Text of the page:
To me the romance in DA seems like a one-night stand than a romance, It just feels slapped on and underdeveloped.
I do not get that impression at all and I am confused as to what exactly you think the problem is. The most common way of mocking these games is to call them "dating simulators", and while the romance clearly isn't that big a deal I fail to see how you consider it "slapped on". Elaborate? --Knight Templar (talk) 08:29, July 17, 2012 (UTC)
- He's yet to make any comments that would discern such a judgement, imo. In a way, I'm inclined to agree with the OP; in that it *is* left a lot to the player's imagination what other romance might go on between their character and the companion apart from what we see in any respective scene. 126.96.36.199 (talk) 15:41, July 17, 2012 (UTC)
I would like it if you could sleep with your partner more than once or twice. However, I don't really see how the romance could be more developed since there is already a change in dialogue options and party banter. I mean, I'm not all that concerned that I can't take Morrigan (or whoever) out to dinner.--CouslandRogue (talk) 03:50, July 18, 2012 (UTC)
I can understand why some people want there to be more interactions in the romances, especially if they really like the character, but honestly, I think there's already enough; too much more of it and it'll start to distract from the rest of the game. The main focus of the games are big events: wars that decide the fate of nations, the struggles of mages, elves, and common people, and so on. I think the romances are fine where they are: some extra conversations, some extra scenes, and changes to dialogue and the characters' actions and reactions, and I think BioWare does a good job of telling a lot by only telling a little, and I actually like having to fill in the gaps myself (fans are going to imagine things anyway, after all, why not help that along?). Although, I'm now getting a mental image of Cassandra banging her head against the wall in frustration while Varric digresses from the main story to go into exhausting detail about Hawke and his/her love going on a sunny picnic at the Wounded Coast... and then getting ambushed by about 20 faceless goons (why does that always happen?). --UrLeingod (talk) 14:17, July 18, 2012 (UTC)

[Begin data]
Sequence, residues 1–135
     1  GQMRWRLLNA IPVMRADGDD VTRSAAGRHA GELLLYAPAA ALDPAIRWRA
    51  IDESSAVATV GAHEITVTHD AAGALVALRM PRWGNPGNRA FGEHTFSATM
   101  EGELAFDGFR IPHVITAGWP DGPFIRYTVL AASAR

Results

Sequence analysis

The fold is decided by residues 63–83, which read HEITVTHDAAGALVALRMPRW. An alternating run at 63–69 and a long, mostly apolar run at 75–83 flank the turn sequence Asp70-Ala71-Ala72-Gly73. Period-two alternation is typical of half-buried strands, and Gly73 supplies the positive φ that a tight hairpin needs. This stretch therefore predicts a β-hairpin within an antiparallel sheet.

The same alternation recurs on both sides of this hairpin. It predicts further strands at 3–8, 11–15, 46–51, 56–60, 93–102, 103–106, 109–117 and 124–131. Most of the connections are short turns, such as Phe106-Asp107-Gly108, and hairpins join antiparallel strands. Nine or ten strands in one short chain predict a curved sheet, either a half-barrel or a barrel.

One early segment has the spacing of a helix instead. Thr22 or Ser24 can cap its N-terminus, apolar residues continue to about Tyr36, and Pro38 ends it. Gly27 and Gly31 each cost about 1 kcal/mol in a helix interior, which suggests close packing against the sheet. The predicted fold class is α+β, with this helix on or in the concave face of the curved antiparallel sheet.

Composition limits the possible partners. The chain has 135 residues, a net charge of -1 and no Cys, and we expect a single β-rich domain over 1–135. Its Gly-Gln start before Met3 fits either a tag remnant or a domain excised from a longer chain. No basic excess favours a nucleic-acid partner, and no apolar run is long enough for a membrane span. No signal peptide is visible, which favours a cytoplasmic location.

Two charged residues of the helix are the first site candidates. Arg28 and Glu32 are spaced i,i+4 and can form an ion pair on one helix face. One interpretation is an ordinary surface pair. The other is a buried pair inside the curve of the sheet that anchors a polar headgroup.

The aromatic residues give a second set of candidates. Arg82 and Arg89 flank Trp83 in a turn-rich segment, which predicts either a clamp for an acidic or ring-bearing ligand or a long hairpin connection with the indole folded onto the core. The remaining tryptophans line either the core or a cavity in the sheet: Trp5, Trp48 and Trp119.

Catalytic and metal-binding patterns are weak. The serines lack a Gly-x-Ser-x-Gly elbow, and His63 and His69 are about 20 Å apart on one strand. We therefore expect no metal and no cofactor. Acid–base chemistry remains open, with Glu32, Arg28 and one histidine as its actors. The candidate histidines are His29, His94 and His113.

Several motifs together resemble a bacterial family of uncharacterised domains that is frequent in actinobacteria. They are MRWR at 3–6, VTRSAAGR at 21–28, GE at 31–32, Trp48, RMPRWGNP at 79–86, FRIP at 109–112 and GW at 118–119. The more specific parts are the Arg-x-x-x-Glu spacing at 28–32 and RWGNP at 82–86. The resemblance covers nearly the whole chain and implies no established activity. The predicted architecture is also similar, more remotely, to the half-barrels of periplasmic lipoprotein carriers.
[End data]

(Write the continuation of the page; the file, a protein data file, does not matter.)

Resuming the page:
I don't like romance options very much. Well, not when Bioware does them. Your options amount to "Slutty bitch", "Gentle Flower", "Obviously gay guy" and "The guy who is a bit too open about his feelings for me to be comfortable around him". If romances were a bit more than just you dating an attractive caricature, with characters who were complex and not just two dimensional, I would probably enjoy them more. Now I'm not saying that any of these characters available for romance are bland, it's just that the actual romance aspect is lackluster too me. I could personally do without them. Besides, I like playing an awkwardly asexual character in many of my play throughs, so it wouldn't matter to me anyway. Just imagine if Andy Warhol was a Grey Warden... --XeroSnake (talk) 03:04, July 19, 2012 (UTC)
- Personally, I think BioWare does a better job with romances than most other companies. In Skyrim you can marry an NPC but other than that character living in your house and some very slight changes to your dialogue options that amount to "give me money" and "give me food", nothing much happens. At least in Dragon Age there are some extra scenes and different party banter.--CouslandRogue (talk) 05:15, July 27, 2012 (UTC)
All I want is more intersting chars than "Slutty bitch", "Gentle Flower", "Obviously gay guy" and "The guy who is a bit too open about his feelings for me to be comfortable around him" And more than 3 conversations in game. —Preceding unsigned comment added by Леди боли (talk • contribs) 07:38, July 31, 2012